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PG&E updates and reviews PSPS protocol

Webinar review and updates PG&E customers on wildfire safety resources

Pacific Gas and Electric hosted a Wednesday safety webinar to review and update customers on ways to prevent and mitigate wildfires in the Sierra Foothills.

“We know the magnitude of the challenges we face,” said Johnnise Foster-Downs, the government relations manager in the Sacramento-Sierra division of PG&E.

Foster-Downs said aside from updating the miles of company infrastructure, it’s also racing against climate change.



“Our teams are working hard every day to improve the reliability of the electrical system and to reduce wildfire risk,” Foster-Downs said, adding that infrastructural improvements will help the company improve its situational awareness and focus Public Safety Power Shut-offs.

Since 2018, Foster-Downs said PG&E has added 24 weather stations, seven high definition cameras, five indoor resource centers and six outdoor resource centers in Nevada County.




The gas and electric company reported 36 line miles of system hardening, which can include sending certain power lines underground, Foster-Downs said. Twenty sectionalizing devices were added to the grid to keep essential services up and running during high winds.

Foster-Downs said over the last two years, PG&E has conducted 92 miles of enhanced vegetation management.

Rebecca Darrah, PG&E’s vegetation program manager, said PG&E removes 1 million trees annually to maintain clearance around power lines. Darrah said the management program has expanded to “remove defective trees affected by drought or bark beetle.”

Darrah also encouraged Nevada County residents to create defensible space, or a buffer zone between the home and surrounding wild land.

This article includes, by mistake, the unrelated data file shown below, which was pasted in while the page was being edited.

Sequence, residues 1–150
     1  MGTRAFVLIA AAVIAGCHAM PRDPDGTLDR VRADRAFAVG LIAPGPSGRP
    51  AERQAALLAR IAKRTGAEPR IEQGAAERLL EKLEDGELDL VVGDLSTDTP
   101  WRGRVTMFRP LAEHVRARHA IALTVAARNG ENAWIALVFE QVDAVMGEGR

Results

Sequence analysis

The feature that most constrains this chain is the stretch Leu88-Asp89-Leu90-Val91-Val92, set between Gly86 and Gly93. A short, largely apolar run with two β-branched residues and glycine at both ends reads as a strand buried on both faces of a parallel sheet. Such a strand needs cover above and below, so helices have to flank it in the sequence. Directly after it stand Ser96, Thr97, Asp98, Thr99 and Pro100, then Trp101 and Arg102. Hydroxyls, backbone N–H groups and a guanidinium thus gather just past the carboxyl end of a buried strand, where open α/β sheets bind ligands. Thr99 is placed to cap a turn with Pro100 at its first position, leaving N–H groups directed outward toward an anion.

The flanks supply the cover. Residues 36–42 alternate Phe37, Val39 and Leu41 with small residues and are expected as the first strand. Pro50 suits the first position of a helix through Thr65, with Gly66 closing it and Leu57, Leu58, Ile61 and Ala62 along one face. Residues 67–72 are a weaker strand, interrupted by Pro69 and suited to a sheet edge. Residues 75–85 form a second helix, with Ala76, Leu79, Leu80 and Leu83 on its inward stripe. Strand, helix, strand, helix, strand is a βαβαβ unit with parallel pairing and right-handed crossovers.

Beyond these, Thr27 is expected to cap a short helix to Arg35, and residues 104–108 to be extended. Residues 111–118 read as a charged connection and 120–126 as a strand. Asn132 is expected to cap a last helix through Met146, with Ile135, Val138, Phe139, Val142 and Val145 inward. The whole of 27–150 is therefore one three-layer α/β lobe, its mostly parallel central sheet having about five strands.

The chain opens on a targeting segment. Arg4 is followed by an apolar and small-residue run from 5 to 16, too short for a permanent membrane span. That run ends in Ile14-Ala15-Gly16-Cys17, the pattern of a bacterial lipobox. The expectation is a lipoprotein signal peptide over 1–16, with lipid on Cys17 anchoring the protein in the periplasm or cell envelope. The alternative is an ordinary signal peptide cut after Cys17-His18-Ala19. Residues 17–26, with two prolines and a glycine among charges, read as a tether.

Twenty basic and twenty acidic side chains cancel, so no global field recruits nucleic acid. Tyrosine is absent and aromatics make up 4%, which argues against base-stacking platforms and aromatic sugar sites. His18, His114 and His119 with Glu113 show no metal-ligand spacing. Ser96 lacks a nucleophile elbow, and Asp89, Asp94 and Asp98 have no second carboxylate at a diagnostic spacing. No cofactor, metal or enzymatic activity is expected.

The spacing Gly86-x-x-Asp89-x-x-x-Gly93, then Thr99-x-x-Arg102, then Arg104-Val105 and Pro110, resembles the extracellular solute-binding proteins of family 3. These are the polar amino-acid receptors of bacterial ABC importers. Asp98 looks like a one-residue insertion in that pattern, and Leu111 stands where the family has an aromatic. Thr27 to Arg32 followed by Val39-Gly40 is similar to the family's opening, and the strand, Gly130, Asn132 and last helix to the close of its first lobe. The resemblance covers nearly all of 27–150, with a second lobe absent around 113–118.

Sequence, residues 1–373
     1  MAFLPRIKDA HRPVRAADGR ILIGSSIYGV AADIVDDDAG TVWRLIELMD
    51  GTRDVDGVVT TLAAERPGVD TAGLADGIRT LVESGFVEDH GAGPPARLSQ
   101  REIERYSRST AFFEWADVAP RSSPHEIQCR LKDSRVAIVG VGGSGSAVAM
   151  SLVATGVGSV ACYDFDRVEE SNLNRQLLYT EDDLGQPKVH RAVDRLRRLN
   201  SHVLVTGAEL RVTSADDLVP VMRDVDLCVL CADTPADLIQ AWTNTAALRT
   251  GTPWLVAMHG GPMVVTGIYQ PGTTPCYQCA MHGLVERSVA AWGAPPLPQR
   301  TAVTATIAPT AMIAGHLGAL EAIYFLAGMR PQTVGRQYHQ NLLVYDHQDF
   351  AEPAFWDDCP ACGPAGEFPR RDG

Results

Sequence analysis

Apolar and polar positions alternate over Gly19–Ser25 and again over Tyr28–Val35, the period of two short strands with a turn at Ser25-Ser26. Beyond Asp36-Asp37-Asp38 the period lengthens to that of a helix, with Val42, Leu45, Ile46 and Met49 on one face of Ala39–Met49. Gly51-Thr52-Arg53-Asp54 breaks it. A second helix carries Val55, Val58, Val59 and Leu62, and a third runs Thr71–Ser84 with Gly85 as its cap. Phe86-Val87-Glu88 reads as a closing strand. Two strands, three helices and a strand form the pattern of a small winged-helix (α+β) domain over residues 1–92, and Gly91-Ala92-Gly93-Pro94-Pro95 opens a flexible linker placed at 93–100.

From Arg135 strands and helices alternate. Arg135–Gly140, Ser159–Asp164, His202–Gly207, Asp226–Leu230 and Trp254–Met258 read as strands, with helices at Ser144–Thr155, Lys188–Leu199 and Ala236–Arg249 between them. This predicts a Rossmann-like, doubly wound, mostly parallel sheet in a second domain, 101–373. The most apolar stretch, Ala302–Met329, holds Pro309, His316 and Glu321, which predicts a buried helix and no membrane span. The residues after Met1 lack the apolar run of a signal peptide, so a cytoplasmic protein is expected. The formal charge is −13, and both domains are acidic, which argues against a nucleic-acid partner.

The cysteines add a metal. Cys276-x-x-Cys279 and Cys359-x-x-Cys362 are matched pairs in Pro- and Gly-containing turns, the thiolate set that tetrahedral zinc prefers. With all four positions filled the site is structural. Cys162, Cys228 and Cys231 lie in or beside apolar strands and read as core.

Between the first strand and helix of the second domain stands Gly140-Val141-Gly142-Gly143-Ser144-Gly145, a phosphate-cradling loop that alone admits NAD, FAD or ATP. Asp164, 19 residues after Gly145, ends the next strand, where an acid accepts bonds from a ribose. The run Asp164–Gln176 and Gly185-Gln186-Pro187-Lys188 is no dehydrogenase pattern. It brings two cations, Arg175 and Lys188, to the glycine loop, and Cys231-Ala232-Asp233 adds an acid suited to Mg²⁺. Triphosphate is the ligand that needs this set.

Darrah said some ways to fortify the buffer zone is to trim lower tree branches to at least six feet above the ground, clear brush and debris from gutters and trim grass to a maximum height of 4 inches.

Vegetation Manager Joanne Drummond said there are available grants through the Farm Bill to support forest land owners struggling to manage their property.

Drummond said the Natural Resources Conservation Service has an office in Grass Valley and administers a grant called the Environmental Quality Improvement Program, or EQIP. Cal Fire has a similar grant called the California Forest Improvement Program, or CFIP.

“It’s not 100% funded,” Drummond explained, adding that the grants really help property owners who are prepared to do the bulk of the clearing work themselves.

‘LAST RESORT’

Felix Berbena, a PG&E employee in Redbrook, said Public Safety Power Shut-offs are PG&E’s “last resort” when the weather forecast is so severe it could impact people’s safety.

Berbena said he understands how disruptive and challenging shut-offs can be, but sees a marked optimization effort from the company since last year.

Berbena said 2,036,115 customers were impacted by PSPS events in 2019. The average duration of 2019’s PSPS events were 43 hours. In 2020, 653,059 customers were affected by PSPS events, the average of which dropped to 29 hours.

Berbena said the company compares the peak wind gusts and damages incurred between each PSPS event. The time PG&E took to restore power between 2019 and 2020 dropped from 17 to 10 hours.

PG&E officials on the town hall Zoom call also announced a new 2021 program which offers generator rebates to tenants who rely on well water.

Patti Poppe, PG&E’s CEO as of January, said although she is new, she trusts that her team is committed to the safety and wellbeing of all of its customers and coworkers.

PG&E provides gas and electric to 16 million Californians over a 70,000-square-mile service area in the central and northern part of the state.

Rebecca O’Neil is a staff writer with The Union. She can be reached at roneil@theunion.com.


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